NEW YORK (TheStreet) -- Google (GOOG) - Get Alphabet Inc. Class C Report (GOOGL) - Get Alphabet Inc. Class A Report is a great company, but it's only an average stock.

Yes, despite the well-received "Alphabet" news of recent weeks that caused the stock to rally, you can probably do better.

In fact, this may be a good time to sell Google shares if you own any, as it is unlikely that the company's financial performance will catch up to its share price anytime soon.

To be clear, you can do much worse than Google. In fact, each month I release a list of the market's most unattractive stocks, and for September Google didn't make it. Nevertheless, its important to dig deeper into Google given it's popularity with individual investors.

At its recent price of $620, Google stock is valued at nearly 20 times forward earnings, and more than six times sales. That's okay for a small or mid-cap company that plays by a different set of rules, such as $2 billion SINA Corporation (SINA) - Get SINA Corp. Report . But Google's market cap of $430 billion means it must conform to conventional valuation metrics, and on that score it comes up a little short.

To be clear, Google is not grossly overpriced like online retailer (AMZN) - Get, Inc. Report , valued at $240 billion because it trades at more than 100 times forward earnings despite sporting a negative return on equity. But it's also not nearly as cheap as $650 billion Apple (AAPL) - Get Apple Inc. (AAPL) Report , priced at just 11 times forward earnings in defiance of its 41% return on equity.

Google falls somewhere in between, both in terms of absolute value and relative valuation. Of course, each of these mega-cap stocks have vastly different revenue models, which provides a convenient excuse for applying vastly different multiples to their respective financial performance. But sooner or later all of those disparate revenue models must boil down to performance, and there are three critical factors that we can look at to judge any large cap stock against another: 

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1. Dividend yield. Dividend yield has historically has accounted for more than half of the stock market's total return. Dividends are usually the only form of economic benefit a shareholder derives while a stock is held, and over time can exceed the original cost basis of the stock. But Google pays no dividend at all, arguing that reinvesting that capital in the growth of the business generates a higher ROI for the company and greater share price appreciation for its stockholders.

2. Change in net operating cash flow. Change in net operating cash flow provides the fuel that energizes growth. On that metric Google scores quite well, as it has increased its NOCF by nearly 40% over the past two years. That means it has plenty of money to invest in capex, hire more people, and acquire outside resources. In addition, the company can buy back its own shares whenever it feels they have become oversold, something it has been reluctant to do in the past.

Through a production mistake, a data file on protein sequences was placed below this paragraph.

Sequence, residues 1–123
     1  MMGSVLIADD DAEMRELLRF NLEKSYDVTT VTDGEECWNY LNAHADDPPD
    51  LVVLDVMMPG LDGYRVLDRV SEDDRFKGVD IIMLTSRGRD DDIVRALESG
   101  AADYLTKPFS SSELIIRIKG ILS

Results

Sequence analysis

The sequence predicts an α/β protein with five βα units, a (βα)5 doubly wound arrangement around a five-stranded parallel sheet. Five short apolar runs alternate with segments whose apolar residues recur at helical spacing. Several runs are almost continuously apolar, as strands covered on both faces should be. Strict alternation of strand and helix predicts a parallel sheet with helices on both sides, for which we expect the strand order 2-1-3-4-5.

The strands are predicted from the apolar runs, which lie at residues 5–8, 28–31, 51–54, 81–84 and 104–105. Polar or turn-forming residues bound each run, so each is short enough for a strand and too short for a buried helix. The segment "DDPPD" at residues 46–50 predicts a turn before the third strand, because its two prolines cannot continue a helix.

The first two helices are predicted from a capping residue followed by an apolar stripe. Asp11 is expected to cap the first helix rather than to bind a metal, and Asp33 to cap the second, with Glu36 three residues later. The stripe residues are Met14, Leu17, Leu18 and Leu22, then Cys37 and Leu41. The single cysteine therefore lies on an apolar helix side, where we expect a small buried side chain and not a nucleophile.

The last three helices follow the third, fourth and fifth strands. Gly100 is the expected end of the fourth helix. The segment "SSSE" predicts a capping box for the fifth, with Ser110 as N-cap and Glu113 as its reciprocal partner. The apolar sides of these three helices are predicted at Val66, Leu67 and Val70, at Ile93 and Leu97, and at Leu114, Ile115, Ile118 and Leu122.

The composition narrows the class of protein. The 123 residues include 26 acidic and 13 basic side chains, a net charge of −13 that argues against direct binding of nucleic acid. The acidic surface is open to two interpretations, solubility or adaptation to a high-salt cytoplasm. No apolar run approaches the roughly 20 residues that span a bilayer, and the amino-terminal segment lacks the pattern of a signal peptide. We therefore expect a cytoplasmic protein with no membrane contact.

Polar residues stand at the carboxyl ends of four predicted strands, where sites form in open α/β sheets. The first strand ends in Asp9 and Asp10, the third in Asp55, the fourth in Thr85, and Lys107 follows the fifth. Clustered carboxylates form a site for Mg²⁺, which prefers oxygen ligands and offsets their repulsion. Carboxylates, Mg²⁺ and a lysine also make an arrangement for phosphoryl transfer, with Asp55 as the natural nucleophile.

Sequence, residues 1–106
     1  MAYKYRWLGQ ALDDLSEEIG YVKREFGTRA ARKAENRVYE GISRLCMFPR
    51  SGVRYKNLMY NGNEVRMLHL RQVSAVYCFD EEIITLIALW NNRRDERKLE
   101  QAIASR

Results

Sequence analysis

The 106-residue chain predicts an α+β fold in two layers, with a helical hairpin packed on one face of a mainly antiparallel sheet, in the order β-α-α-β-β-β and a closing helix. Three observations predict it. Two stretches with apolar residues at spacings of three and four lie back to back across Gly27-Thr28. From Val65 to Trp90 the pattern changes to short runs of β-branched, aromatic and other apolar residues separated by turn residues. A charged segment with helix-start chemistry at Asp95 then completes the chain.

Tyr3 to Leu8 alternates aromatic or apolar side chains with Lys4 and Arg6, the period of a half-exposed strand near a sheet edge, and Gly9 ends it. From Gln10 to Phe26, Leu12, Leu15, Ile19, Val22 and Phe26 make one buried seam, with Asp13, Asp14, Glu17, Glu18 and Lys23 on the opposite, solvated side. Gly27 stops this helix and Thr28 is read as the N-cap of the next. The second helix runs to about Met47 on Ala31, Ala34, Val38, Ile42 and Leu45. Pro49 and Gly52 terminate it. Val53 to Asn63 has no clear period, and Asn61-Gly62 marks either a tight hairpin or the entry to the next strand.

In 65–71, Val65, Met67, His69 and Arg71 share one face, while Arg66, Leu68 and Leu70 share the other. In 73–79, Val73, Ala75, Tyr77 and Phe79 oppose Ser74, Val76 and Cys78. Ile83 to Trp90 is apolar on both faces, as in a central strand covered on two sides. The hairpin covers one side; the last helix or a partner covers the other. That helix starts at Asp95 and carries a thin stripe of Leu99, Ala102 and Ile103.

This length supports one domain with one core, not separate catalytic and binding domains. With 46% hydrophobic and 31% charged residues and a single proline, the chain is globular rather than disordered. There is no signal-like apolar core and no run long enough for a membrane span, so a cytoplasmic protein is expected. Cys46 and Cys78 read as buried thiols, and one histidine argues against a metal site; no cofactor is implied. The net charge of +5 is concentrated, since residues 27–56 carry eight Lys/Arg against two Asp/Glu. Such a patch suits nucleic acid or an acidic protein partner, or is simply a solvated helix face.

But having the money to do those things, and doing them productively are two entirely different things. That's where our third factor comes into play.... 

3. Return on equity. While Google's ROE of 14% is respectable, it's considerably less than that of its less-regarded rival Yahoo (YHOO) sporting an ROE of 30%, or former Yahoo subsidiary Alibaba Group (BABA) - Get Alibaba Group Holding Ltd. Sponsored ADR Report at nearly 27%. So, to buy Google at current prices means you believe that a name change -- and accompanying shift in strategic focus -- will result in a substantially more efficient enterprise in the not-too-distant future.

That's not going to happen, and here's why: Like many tech stocks, Google has become the personification of its two visionary founders, Sergey Bryn and Larry Page. They built a wonderful company that has produced several leading edge products. But it has also become a bloated bureaucracy, with thousands of employees working on dozens of projects that have never made money. Bryn has vowed to make Google a much leaner enterprise going forward by eliminating all but its most profitable business units.

That is exactly what Google needs to do to earn its very high valuation, but in order to do so the corporate culture would need to change to a degree that it cannot. The sense of entitlement among its management team, combined with its lack of experience in focusing on efficiency, will add years to this process.

Buying or owning undervalued stocks is probably the most common way investors sabotage their portfolio. And while Google didn't make my list of the 29 most overvalued stocks, if you own Google stock, now is a good time to sell it. And if you don't own Google, there are better bargains to be found in the tech space that don't require a leap of faith to justify their current valuations. 

This article is commentary by an independent contributor. At the time of publication, the author held AAPL.